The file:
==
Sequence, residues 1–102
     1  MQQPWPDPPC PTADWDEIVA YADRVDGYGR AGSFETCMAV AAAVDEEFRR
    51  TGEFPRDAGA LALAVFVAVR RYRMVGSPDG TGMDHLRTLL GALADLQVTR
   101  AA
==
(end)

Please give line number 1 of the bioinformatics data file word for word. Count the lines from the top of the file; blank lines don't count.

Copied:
Sequence, residues 1–102